by Rebel Fagin

There is still enough of a democracy left in this country that the government fears the people enough to want our support for their colonial resource wars. They need to ell the wars to us. Here are some of their tools:

Embedded deep in any culture are its myths. One dominate myth of this culture is that the military protects us and keeps us safe, when just the opposite is true. Myths work on an emotional level, therefore the liberal tendency to think that, if we give people the facts they’ll act in their best interest, just doesn’t work. These myths are perpetrated by the corporate media, which is owned by the manufacturers of war. As the wars drag on they lose value as “news” until, in the consciousness of most Americans, the wars have the dull throb of a broken bone.

Ignorance sells wars and nothing promotes ignorance better than the corporate media. While they are spreading fear of Muslims, they ignore homegrown, right wing terrorist. From 1990 to 2010, Muslim-American civilians killed 20 Americans. During this same time, right wing terrorists killed 348 Americans. In Sonoma County, 64 citizens have been murdered by law enforcement this century, yet we are told to fear young, brown people and trust armed, uniformed people who shoot children.

Racism is the infrastructure of colonial warfare. Now the “enemy” is Arabs. Beau Bergdahl’s father was accused of growing a Muslim-type beard, which exposed the colonial nature of these resource wars. When Frazier Cross murdered three Americans outside of a Jewish Community Center in Kansas he shouted, “Heil Hitler.” The corporate media mostly ignored this. What if he had shouted “Allah Akbar”? Would the media have been as silent?

Media spins and frames perception. Many soldiers believe the lies about spreading democracy abroad, only to find out the truth of killing innocent people overseas. When they have an epiphany of conscience, the corporate media spins it as though it was the actions of a coward and a traitor. What if they framed the same decisions as a matter of conscience, would that make a difference to the public response?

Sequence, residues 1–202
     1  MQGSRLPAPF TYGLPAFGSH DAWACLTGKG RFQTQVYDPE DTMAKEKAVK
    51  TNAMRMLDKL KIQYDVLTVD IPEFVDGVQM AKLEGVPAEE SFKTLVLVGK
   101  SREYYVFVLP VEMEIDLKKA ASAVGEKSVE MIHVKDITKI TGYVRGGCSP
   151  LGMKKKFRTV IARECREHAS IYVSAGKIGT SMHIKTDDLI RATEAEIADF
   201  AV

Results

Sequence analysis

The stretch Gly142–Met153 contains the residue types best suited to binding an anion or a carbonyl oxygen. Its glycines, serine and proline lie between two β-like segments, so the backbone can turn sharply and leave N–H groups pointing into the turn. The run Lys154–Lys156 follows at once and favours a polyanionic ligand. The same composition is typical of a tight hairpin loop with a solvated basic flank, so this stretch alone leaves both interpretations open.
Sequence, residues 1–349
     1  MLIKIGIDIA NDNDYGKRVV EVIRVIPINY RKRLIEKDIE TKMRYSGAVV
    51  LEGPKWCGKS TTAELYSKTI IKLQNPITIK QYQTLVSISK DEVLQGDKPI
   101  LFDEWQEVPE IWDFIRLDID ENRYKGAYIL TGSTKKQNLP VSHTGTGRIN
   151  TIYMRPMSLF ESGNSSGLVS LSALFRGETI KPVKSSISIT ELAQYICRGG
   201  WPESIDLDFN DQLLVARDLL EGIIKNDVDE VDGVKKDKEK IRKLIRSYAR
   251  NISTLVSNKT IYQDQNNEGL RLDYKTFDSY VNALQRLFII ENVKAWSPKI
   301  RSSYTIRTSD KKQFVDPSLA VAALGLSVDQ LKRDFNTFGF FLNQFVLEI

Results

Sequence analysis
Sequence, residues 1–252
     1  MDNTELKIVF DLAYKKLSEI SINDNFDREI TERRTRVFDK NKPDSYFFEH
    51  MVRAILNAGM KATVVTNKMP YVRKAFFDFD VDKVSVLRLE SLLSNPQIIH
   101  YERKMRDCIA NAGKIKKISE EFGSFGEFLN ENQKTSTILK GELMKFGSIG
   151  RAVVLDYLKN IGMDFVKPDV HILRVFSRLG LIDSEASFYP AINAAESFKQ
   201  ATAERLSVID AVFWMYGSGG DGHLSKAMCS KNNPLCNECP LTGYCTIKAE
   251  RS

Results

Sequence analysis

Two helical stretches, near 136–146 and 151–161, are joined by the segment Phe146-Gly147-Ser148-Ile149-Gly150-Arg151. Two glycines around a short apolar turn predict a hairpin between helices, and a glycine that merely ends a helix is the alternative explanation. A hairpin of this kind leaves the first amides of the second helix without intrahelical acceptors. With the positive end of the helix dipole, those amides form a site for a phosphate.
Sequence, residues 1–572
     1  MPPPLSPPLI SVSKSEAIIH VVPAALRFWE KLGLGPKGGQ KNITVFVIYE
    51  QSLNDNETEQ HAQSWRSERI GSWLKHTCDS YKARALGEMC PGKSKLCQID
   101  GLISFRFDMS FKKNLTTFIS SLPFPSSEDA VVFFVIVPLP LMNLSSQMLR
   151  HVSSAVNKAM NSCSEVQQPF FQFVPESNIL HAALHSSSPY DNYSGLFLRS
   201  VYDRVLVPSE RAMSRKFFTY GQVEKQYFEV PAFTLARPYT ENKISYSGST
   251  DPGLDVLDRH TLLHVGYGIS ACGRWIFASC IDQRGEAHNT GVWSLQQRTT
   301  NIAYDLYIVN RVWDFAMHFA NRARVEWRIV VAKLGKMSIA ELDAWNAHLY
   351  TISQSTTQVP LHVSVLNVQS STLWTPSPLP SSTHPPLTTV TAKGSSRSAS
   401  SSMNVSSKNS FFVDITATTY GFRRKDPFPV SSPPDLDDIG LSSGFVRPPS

During the war in Vietnam the draft was extremely unpopular. This time around they created an economic draft by destroying the economy so that many young people are faced with a choice of the military, McDonalds, or selling drugs. They “volunteer” for the military. When poor people die in wars nobody notices.

One aspect of the war with Vietnam that foiled the American war machine was the image of returning coffins. Bush dealt with this by banning the photographing of returning coffins. Obama takes it one step further by mechanizing the wars with killer drones. This way no coffins come home. Instead grandmas are blown to pieces in the garden while the grandchildren watch and the seeds of anti-American hatred are germinated in their souls.

These drones are relatively easy to build. In the 1980’s, Abraham Karem, an Israeli aviation engineer living in Southern California, built one with parts he picked up at hobby shops. While the manufacturing of these weapons is cheap, launching them is not. According to the Pentagon, it takes 168 people to keep a Predator aloof for twenty-four hours. 19 data analysts are used per drone to decode the images. They are willing to spend this much, in part, to keep the US body count low to sell their wars.

When people protest, government is silent. This plutocratic government responds to its owners and that ain’t the American people. The owners of America make their money selling weapons. This is why demonstrations are not working. This is why some people give up while others take more direct actions. The combination of these factors sells the wars to the people. How long before we quit trying to work with the government and start directly solving our issues ourselves?

Sources: AlterNet 5/20/14, Drone Warfare by Media Benjamin © 2012, KPFA Flashpoints 6/4/14